Dixie3.jpgThe Dixie Truckers Home in McLean, Illinois, off Interstate 55 and alongside what used to be Route 66, may not be the first American truckstop. But it’s definitely one of the oldest — and one of the most revered among aficionados of the old cross-country highway.

Opened in 1928, just two years after Route 66, the Dixie Truckers Home survived the federal highway’s decommissioning in the early 1980s and continues to serve as a home away from home for long-haul truckers and other road warriors and travelers.

If there’s a downside, it’s this: The original owners sold the Dixie a few years back and the new owners seem more interested in making the place a comfortable one for modern travelers than in preserving the old ambience (though they have opened up a Route 66 memorabilia room.)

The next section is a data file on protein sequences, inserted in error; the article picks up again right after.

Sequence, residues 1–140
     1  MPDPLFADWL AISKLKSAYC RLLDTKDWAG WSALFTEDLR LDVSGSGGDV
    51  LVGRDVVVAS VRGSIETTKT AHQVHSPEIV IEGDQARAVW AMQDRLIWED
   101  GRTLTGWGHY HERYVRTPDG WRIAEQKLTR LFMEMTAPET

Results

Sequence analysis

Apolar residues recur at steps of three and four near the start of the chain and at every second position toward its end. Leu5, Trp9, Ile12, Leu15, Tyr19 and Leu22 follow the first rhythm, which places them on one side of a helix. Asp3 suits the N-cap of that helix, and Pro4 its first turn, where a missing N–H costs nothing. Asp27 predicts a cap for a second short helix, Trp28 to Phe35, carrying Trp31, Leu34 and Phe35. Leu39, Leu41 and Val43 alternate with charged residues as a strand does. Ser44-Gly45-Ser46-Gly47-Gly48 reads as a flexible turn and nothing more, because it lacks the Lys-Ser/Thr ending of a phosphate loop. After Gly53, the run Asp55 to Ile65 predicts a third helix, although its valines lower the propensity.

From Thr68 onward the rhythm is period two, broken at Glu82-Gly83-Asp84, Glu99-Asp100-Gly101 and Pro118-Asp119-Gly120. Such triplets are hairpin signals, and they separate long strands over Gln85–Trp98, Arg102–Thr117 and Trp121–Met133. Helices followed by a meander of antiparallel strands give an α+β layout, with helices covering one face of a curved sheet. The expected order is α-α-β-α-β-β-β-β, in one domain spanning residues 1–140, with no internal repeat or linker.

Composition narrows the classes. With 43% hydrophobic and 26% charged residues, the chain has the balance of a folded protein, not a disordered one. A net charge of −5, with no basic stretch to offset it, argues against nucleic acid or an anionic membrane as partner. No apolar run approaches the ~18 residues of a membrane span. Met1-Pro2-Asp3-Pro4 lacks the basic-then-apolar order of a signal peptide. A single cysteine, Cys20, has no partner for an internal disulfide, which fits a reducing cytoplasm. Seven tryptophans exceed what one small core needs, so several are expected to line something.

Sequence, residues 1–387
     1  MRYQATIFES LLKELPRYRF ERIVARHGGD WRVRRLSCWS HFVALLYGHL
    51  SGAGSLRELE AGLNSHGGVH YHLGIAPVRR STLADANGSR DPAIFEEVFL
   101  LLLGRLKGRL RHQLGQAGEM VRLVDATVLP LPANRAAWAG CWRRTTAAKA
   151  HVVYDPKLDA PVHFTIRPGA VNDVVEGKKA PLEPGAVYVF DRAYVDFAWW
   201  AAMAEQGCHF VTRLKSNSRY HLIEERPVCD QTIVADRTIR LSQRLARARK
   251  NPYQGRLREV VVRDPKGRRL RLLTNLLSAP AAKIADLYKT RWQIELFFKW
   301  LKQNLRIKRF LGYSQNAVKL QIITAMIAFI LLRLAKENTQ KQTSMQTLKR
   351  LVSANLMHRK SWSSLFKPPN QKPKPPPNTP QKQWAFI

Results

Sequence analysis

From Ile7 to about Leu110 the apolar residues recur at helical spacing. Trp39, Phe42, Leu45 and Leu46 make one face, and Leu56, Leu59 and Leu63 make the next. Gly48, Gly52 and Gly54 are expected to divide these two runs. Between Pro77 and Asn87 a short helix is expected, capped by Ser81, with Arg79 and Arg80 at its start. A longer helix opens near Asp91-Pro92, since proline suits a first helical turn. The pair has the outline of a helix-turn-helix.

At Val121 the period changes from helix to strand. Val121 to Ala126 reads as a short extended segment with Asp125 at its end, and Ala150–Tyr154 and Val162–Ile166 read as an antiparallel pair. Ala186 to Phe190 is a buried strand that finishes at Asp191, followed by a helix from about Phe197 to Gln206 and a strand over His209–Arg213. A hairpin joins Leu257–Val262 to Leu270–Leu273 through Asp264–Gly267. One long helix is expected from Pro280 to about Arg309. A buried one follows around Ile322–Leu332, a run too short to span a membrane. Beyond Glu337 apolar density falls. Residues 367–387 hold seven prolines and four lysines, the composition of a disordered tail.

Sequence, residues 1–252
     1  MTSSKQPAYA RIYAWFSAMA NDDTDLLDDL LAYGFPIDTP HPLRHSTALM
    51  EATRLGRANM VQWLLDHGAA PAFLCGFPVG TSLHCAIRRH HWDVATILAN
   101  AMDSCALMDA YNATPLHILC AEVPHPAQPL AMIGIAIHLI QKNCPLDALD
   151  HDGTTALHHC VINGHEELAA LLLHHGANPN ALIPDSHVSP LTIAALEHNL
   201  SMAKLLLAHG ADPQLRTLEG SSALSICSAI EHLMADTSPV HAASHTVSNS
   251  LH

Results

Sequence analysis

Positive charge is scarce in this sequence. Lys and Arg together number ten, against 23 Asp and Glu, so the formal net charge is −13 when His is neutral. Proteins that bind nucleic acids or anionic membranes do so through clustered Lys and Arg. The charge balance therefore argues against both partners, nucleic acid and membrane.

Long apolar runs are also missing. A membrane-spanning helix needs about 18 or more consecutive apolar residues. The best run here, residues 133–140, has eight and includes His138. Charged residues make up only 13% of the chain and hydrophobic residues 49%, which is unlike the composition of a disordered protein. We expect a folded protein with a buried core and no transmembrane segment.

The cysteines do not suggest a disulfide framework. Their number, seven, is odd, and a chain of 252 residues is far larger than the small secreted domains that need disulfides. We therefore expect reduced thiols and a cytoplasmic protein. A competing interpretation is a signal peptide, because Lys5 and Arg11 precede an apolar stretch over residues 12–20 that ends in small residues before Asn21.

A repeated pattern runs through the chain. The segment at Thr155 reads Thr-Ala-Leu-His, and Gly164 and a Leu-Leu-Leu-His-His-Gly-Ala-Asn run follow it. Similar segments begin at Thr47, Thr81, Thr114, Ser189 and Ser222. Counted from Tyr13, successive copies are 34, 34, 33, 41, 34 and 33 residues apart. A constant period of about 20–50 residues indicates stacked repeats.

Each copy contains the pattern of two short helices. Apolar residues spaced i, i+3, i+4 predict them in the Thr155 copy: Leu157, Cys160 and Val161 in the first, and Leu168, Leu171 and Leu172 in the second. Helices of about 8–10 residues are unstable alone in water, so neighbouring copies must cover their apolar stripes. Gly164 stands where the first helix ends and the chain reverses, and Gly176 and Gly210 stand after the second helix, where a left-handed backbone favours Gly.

Breezy stroll on Route 66s most famous bridge

May 25, 2007 19:36 UTC


This bridge was once the point at which Route 66 crossed the Mississippi River at St. Louis. Now there is a picnic table near the middle and the closest you can get to being run over is by a short-sighted cyclist.

This is the Chain of Rocks Bridge named for a seven-mile stretch of rocks under the water stretching north of St. Louis which once carried cars and trucks over the river on their way east or west.

Built in 1929 as a toll bridge, it is roughly 1 mile (1.6 kilometers) in length and has a 22-degree in the middle of the river to enable navigation. From the late 1930s until the completion of the New Chain of Rocks Bridge just a little further upriver for Interstate 270, this bridge carried all Route 66 traffic.